Getting trapped in hands in Limit Holdem
One of the most dangerous traps inexperienced players fall into is when they attempt to employ a “looser” style of play they have seen employed by another player. Poker is a game rife with machismo, which makes this an all too common problem: Players simply refuse to acknowledge that another player might be better than they are, and therefore are able to make a profit with hands you cannot.
I’m going to use a fairly simple example to illustrate this point: The hand I will use is K9s in a game of Limit Holdem. Now, K9s is not the worst hand you could hold, but it is far from the best hand, and at best extremely marginal. So, suppose there is a limper, and you decide to limp along with this mediocre holding. Unfortunately for you, this is where things often go awry: The pot gets raised by another player, everyone else folds except for the initial limper, so you find yourself calling another bet, because the pot odds dictate you call getting 6.5-to-1. My friend, you have just been trapped!
The problem with this hand isn’t when you flop a flush draw or other strong hand; the problem is when you flop pretty-good, like a King, or a 9. This is enough of a problem when the pot hasn’t been raised and no one has shown strength (and could be sitting on a hand like A9/KT/KJ/KQ): When this happens in a raised pot you are in a world of trouble. Often times the pot-odds are such that you are almost forced to call the pre-flop aggressor down: your initial loose call has turned you into a calling station –calling the pre-flop raise because of pot-odds, and then calling when you catch a piece of the flop.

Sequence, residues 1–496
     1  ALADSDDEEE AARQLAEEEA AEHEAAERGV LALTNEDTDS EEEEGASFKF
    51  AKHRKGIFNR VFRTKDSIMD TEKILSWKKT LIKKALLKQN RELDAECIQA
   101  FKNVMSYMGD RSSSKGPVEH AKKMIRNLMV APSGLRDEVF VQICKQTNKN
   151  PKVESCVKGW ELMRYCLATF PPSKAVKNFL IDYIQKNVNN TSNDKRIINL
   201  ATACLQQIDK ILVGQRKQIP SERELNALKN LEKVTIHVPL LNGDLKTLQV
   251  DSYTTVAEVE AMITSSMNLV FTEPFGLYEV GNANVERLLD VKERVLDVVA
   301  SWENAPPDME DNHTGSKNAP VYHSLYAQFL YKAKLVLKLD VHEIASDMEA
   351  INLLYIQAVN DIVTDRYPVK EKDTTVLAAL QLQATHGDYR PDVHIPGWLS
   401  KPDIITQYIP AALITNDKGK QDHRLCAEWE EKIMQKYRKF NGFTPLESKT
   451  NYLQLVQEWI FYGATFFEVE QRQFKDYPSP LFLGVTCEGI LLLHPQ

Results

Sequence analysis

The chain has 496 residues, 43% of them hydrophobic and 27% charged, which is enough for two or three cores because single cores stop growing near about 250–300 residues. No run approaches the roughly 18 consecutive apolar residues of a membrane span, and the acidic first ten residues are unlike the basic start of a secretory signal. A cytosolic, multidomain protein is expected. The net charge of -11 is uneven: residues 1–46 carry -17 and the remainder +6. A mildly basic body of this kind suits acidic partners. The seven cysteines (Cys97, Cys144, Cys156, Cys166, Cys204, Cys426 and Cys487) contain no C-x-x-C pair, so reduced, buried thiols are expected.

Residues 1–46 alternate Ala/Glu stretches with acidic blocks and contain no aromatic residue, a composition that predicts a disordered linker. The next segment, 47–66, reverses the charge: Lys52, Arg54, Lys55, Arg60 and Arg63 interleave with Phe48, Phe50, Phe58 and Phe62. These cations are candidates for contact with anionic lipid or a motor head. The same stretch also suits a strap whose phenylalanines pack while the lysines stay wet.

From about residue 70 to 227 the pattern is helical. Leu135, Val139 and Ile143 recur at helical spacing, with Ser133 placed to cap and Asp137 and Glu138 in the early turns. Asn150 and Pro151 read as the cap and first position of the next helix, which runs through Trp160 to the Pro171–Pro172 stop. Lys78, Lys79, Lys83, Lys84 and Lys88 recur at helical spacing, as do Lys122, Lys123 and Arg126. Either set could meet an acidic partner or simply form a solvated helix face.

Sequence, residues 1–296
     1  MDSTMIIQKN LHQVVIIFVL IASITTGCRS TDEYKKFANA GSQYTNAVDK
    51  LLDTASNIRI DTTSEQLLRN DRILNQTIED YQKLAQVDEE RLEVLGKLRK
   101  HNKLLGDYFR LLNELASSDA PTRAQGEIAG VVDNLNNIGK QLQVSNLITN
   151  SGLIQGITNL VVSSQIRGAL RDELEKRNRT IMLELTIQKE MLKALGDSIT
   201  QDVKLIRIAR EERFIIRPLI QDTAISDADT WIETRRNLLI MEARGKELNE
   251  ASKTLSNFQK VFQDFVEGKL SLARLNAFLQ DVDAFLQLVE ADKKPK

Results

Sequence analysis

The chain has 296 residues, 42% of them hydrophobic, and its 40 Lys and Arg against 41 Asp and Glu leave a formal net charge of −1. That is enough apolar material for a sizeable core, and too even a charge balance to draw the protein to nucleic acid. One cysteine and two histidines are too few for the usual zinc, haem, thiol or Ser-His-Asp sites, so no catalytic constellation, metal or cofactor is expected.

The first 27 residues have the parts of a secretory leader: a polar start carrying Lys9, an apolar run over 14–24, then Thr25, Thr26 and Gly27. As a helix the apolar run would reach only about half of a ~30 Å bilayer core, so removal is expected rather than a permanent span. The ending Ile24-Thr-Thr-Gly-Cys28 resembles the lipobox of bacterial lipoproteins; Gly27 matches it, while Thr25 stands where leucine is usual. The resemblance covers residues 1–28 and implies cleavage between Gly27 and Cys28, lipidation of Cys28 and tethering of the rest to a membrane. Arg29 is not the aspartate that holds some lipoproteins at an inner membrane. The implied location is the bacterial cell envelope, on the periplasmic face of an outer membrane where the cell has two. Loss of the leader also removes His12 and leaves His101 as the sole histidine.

This is one of the reasons I feel players –especially new players—need to be very fastidious with their hand selection, and avoid hands that have a high domination factor like K9s or AT, or even A2-9s. The ability to play these hands comes with experience, and good reads on your opponents. For the up-and-coming player these types of hands will be your biggest profit eaters. Sure, you will do very well when they flop good, but it’s the times you are playing A6s and flop an Ace that will really deplete your chip stack. Very few players are able to let top pair go unless they are faced with multiple bets.
It’s a far better idea to play small pairs and suited connectors that are easy to fold after the flop; you either have something worth chasing, or you don’t! Hands like K9s and A7s leave you with more questions than answers when they flop top-pair.